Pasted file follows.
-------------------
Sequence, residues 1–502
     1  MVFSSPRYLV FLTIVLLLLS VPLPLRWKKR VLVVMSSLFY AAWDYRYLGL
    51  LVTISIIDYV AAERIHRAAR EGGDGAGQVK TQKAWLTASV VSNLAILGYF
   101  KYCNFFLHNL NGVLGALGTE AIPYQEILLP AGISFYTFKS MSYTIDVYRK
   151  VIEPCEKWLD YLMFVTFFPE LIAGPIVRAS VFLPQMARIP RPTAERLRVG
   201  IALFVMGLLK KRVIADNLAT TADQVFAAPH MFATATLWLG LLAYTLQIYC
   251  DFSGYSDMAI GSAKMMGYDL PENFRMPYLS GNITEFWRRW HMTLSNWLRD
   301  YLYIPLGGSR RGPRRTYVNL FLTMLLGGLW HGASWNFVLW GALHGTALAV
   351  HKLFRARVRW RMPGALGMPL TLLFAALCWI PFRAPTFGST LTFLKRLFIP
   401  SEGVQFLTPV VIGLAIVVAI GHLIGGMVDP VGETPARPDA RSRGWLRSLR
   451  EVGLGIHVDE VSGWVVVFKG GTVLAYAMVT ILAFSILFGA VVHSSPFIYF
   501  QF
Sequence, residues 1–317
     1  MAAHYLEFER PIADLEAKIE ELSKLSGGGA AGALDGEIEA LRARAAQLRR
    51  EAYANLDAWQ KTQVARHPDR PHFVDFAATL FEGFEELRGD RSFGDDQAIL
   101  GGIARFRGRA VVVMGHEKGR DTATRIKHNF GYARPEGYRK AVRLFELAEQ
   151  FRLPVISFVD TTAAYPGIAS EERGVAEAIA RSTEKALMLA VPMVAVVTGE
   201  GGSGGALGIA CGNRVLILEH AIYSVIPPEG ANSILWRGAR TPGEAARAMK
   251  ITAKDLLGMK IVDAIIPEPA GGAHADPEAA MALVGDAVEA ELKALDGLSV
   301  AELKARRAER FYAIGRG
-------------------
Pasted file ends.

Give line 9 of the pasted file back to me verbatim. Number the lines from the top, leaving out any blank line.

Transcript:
   351  HKLFRARVRW RMPGALGMPL TLLFAALCWI PFRAPTFGST LTFLKRLFIP